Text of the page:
Excerpt from "Greenbacks," or the Evils and the Remedy of Using "Promise to Pay to the Bearer on Demand" As a Measure of Value
We hold that the practices of men, when they differ from their pro fessions, and are not wrongfully interpreted, are a better index of their opinions than their words.' Following this as a rule. We have been nu able to discover that either the Secretary of the Treasury (whom we hold to be a statesman and a patriot), or the bankers of New York city, Boston, and Philadelphia, were in favor of the Pledge Banking scheme in 1861. Most of those of Wall street, it is true, had previously conformed to it, but only as a necessity imposed by a State law, in the making of which they had no agency they were obliged to conform, or to discon tinne their business of receiving interest on money owed. But those of State and Chestnut streets have neither conformed to it nor adopted it. We, therefore, conclude that these parties did not intentionally impose the Free Banking scheme on the Nation; yet, what they did seems to have culminated in the National Currency Act. Those who will ex amine and consider the present financial condition of the Nation, may possibly find the origin of the present National Pledge Banking scheme in some of the early efforts made by the Government to fill its treasury.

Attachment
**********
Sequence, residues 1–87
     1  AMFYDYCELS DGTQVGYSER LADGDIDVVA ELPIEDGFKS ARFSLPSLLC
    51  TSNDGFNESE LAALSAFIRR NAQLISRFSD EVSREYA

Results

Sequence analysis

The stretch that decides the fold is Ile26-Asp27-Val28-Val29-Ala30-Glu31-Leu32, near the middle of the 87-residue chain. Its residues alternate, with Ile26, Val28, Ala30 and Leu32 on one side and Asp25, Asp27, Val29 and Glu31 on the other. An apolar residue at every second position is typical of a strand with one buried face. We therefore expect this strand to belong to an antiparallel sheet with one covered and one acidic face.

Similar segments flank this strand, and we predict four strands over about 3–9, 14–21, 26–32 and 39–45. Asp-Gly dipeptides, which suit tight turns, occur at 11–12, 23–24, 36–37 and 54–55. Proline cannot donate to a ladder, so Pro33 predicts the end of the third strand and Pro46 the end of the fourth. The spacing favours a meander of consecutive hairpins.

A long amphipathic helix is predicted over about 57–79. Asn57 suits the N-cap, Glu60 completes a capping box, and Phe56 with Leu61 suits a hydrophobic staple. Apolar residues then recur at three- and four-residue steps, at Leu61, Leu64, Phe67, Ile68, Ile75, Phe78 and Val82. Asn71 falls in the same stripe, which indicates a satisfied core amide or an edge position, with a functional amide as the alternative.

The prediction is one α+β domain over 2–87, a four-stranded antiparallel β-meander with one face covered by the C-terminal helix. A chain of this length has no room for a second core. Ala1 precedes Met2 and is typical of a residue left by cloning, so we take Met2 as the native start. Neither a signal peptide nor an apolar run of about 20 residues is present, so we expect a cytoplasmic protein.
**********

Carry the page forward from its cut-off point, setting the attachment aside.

When the rebellion commenced, men, ships, munitions of war, and pro visions were needed for the preservation and protection of our Govern ment. These had to be supplied by patriotism and credit. At that time, the Nation's treasury was empty, or nearly so, and extra efforts had to be made to fill it. Among men, there are two methods of using credit - one by borrowing money and paying for its use, the other by making pur chases to be paid for at some future day, at a price that will compensate for the delay in payment. Governments have no other just methods. At the outbreak of the rebellion, our Government sought means by the first of these, and we think it acted wisely in doing so. It asked for a loan, the amount of which we deem of but little importance, for our object is to consider mainly the principle of action, rather than the details of par ticular acts we, however, shall endeavor to call attention to the differ ent methods that have been adopted to use and sustain the credit of the Government, in the order they have followed each other.
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